1. Focused Topic: Like this article, people’s biggest critique about podcasters is they are unfocused and just trying to be funny. Know what you’re about and stick to it. It’s going to take some time to hit your stride and get comfortable, and a good topic helps keep a centrepoint in place. You must know why you’re starting this in the first place. If you’re serious about it, take the time to plan, treat it like a business, and understand your target demographics. If you’re free-wheeling, listeners will know it. Remember, you’re competing in the attention market. You’re battling against Netflix and Facebook. It takes a lot to win attention and followers. Be ready to put in the effort. 
  2. Good Gear: We spared no expense and spent about $1500 on great mics and recording equipment. Nothing else will matter if the sound quality is crap. (We’re not going to bore you with gear talk here, but if you’re interested, fire us a message and we’ll give you the details)
  3. Space: Find a permanent location. We record at Andrew’s Mom’s house and Judy makes us cookies. Setting up every recording will get old fast. You don’t need a perfect studio to create quality audio, but limit background noise and smaller rooms are better.
  4. Training: We recommend Seth Godin’s Podcast Fellowship. You’ll learn the ABC’s of podcasting in a community of podcasters. It was super helpful. 
  5. Two Hosts: Andrew and I bring different skills to the table and the result is a more balanced, well-rounded conversation. It’s also nice to have the support and help. This style works for us, as even when we don’t have a guest, we still have each other! But the most important thing is BE YOURSELF. Once we stopped trying to play a role, or be a certain way, the content improved dramatically. 
  6. Weekly Episodes: We started bi-weekly but found we lost momentum quickly and our downloads stagnated. If you care about the work (and you better, or why else are you even reading this), prioritize it – check out Tim Ferriss’ original wisdom from The 4 Hour Work Week for more on this. Focus on your “why”. 
  7. Interview-Based: As much as people might prefer we read the phone book or sound off on things we know nothing about, by interviewing interesting people, we have great content every week.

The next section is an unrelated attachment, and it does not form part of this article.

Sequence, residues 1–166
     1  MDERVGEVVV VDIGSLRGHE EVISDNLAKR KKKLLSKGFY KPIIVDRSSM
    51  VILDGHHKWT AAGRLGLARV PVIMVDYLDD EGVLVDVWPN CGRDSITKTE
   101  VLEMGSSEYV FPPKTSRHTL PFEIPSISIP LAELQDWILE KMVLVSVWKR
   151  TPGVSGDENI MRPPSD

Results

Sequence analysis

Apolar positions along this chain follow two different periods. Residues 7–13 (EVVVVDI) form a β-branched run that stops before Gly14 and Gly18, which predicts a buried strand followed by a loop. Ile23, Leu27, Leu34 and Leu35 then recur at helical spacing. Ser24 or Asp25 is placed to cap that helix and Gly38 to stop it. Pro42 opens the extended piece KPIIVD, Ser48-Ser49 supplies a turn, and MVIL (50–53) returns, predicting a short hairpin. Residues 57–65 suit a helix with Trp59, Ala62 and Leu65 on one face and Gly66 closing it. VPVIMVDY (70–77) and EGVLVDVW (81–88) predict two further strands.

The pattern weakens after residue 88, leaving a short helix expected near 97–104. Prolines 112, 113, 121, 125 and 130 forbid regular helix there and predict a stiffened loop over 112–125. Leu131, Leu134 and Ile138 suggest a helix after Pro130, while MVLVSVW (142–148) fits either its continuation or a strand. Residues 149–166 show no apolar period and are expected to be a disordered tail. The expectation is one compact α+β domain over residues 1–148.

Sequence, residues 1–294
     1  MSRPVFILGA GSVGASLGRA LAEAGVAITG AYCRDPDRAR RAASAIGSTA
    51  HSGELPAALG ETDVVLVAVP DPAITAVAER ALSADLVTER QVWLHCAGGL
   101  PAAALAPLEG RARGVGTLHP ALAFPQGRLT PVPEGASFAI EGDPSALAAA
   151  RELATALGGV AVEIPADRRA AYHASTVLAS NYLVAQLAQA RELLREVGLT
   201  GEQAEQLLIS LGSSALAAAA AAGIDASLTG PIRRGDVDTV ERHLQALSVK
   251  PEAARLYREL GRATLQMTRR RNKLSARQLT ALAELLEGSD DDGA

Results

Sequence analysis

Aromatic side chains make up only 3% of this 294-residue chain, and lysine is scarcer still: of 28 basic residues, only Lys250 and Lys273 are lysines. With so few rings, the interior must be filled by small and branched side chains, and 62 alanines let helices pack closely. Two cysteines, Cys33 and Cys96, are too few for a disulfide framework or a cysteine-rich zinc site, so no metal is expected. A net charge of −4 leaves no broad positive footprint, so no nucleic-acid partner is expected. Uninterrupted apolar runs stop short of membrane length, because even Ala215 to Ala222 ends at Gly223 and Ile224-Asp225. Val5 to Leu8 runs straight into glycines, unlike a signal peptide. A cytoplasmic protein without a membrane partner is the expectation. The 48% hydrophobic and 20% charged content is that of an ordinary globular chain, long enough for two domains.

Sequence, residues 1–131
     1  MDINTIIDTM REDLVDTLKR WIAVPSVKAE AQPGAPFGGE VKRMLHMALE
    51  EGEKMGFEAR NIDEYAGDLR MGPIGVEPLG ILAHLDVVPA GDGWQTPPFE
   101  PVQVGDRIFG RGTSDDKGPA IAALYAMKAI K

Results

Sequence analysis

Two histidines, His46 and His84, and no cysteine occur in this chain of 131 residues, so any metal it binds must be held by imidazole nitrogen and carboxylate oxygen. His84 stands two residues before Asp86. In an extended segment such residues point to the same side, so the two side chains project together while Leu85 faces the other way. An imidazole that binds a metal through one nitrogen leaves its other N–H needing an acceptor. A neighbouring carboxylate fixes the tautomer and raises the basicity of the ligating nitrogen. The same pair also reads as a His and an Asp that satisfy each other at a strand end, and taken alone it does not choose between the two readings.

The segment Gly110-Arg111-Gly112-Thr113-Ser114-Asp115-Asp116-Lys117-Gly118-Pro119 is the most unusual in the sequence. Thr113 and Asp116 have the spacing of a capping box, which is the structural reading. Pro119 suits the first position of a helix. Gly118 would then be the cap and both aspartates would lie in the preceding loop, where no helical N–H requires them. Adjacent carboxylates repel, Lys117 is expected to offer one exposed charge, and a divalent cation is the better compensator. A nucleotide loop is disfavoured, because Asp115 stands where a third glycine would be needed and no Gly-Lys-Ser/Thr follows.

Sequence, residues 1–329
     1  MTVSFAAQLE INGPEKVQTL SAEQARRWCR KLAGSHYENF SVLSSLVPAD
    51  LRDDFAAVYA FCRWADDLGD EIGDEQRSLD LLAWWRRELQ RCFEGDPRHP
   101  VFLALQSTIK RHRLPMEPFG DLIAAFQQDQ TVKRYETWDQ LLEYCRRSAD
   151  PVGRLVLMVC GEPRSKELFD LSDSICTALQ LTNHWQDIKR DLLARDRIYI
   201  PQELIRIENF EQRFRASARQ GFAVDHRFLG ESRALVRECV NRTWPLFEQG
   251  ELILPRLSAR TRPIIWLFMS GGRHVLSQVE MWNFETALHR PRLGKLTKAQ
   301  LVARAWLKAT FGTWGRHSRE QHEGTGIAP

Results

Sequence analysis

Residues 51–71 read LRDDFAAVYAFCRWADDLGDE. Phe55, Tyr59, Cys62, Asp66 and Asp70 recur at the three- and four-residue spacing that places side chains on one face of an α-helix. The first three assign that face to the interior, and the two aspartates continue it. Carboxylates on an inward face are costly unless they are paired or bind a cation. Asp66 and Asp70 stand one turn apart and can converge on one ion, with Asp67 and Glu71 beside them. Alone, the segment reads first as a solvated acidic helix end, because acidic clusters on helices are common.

8. Editing: Andrew spends roughly 6-8 hrs editing each 90-120min episode. It’s a lot of work although Audacity makes it a lot easier. Audacity is a free program that’s reasonably easy to learn, and recent updates have helped make it less buggy. 
  9. Social Media: Instagram and Facebook are essential. We merely exist on Twitter. Engage with your listeners. It’s everything.
  10. Website: It’s worth the investment. SEO and all that. If you want to be a professional and polished in your field, your website better reflect that. This is best left to the professionals. We’re super happy with our website and thankful to Stikky for their great work.
  11. Community: See your podcast as building a community around your shared idea. We do LIVE events and an end of year party for the 50+ guests who’ve been on our podcast that year. The conversation and relationship extends far beyond the airwaves.
  12. Money: We saved this for last. Don’t even think about making money in the first year. The fact is, you’ll lose money. Focus on creating quality content and doing something you’re passionate about and believe in. Once that’s in place, approach sponsors like we are right now. Anyone? Anyone? 

If you’ve found this blog helpful, please share and re-post. Other than that, please give us a Like and Follow on Instagram, Facebook and sure why not, Twitter.  You can also email us at obstaclecoursepodcast@gmail.com. Definitely check out our fancy website. Obstacle Course can currently be found wherever you listen to podcasts.